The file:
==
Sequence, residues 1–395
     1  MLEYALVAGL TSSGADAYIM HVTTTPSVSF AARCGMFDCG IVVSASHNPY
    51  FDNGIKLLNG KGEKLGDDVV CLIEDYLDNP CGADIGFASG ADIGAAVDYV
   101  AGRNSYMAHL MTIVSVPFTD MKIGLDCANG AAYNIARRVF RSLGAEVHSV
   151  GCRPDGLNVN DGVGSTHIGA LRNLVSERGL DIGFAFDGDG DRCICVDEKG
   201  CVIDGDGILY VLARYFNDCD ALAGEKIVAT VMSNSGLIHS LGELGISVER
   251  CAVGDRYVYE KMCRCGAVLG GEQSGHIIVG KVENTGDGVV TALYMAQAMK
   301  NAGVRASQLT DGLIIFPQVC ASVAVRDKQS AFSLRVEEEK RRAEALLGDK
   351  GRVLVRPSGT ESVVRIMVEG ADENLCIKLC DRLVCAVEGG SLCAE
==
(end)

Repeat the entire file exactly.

Sequence, residues 1–395
     1  MLEYALVAGL TSSGADAYIM HVTTTPSVSF AARCGMFDCG IVVSASHNPY
    51  FDNGIKLLNG KGEKLGDDVV CLIEDYLDNP CGADIGFASG ADIGAAVDYV
   101  AGRNSYMAHL MTIVSVPFTD MKIGLDCANG AAYNIARRVF RSLGAEVHSV
   151  GCRPDGLNVN DGVGSTHIGA LRNLVSERGL DIGFAFDGDG DRCICVDEKG
   201  CVIDGDGILY VLARYFNDCD ALAGEKIVAT VMSNSGLIHS LGELGISVER
   251  CAVGDRYVYE KMCRCGAVLG GEQSGHIIVG KVENTGDGVV TALYMAQAMK
   301  NAGVRASQLT DGLIIFPQVC ASVAVRDKQS AFSLRVEEEK RRAEALLGDK
   351  GRVLVRPSGT ESVVRIMVEG ADENLCIKLC DRLVCAVEGG SLCAE